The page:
Cambridge University’s Youngest Black Professor Was Illiterate Until His Teenagers.
20 years later, Cambridge University’s youngest Black professor is an autistic teenager who couldn’t read or write until his late teens.
Jason Arday had global developmental delay as a toddler, impairing his speech and reading.
Therapists expected he would live in assisted living and need lifelong help.
The 37-year-old is the youngest Black person to hold a major university position.
He had many questions despite growing up in Clapham, London, with a learning handicap.
Arday, a sociology professor, wondered: “Why are some individuals homeless?” Why war? ”
“I wanted to save the world if I didn’t make it as a football player.”
After studying at Surrey University, he taught PE.
He wanted to study but had little supervision.
“The peer review process was brutal, almost comical, but I took it as a learning experience.”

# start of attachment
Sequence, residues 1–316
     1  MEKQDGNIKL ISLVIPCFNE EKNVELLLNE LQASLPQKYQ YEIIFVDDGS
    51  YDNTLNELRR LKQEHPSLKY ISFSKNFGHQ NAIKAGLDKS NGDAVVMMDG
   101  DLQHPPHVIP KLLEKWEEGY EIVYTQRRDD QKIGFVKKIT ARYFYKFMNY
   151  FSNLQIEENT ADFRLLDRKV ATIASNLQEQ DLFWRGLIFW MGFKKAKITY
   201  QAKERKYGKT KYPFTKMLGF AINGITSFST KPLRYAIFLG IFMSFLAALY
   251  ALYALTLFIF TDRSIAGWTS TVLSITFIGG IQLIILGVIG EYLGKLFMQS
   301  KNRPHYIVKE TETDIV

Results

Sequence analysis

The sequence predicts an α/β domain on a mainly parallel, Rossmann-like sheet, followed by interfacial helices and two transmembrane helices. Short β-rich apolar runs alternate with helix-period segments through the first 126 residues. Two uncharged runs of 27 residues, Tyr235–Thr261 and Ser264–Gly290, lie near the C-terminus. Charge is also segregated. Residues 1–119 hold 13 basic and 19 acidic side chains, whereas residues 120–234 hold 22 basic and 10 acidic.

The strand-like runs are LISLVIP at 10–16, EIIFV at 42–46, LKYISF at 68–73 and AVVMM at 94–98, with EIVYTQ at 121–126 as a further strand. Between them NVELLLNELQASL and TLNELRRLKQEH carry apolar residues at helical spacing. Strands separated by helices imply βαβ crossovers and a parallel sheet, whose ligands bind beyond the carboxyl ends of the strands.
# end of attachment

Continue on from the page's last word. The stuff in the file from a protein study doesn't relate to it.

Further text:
“One day I will work at Oxford or Cambridge,” he scribbled on his parents’ bedroom wall at 27.
‘I think you can do this – I think we can take on the world and win,’ his college friend Sandro Sandi told him.
I first believed in myself then.
“A lot of academics say they stumbled into this line of work, but from that moment I was determined and focused—I knew this would be my goal.”
He became an esteemed professor with two master’s degrees and a PhD in educational studies from Liverpool John Moores University by writing papers and studying at night while teaching PE.
In 2015, he co-edited the Runnymede Trust report “Aiming Higher” on racial and ethnic inequality in British universities.
2018 saw his first solo paper.
In the same year, he was appointed Senior Lecturer at Roehampton University and Associate Professor of Sociology at Durham University.
He became one of the UK’s youngest professors at Glasgow University’s Faculty of Education.
He has written books and will begin teaching sociology of education at Cambridge on March 6, trying to encourage underrepresented students to attend college. Arday joins five other Black professors.
My work is focused on democratizing higher education and opening opportunities to more underprivileged people.
I hope Cambridge will help me lead that agenda domestically and worldwide.
He may save the world—or his part of it.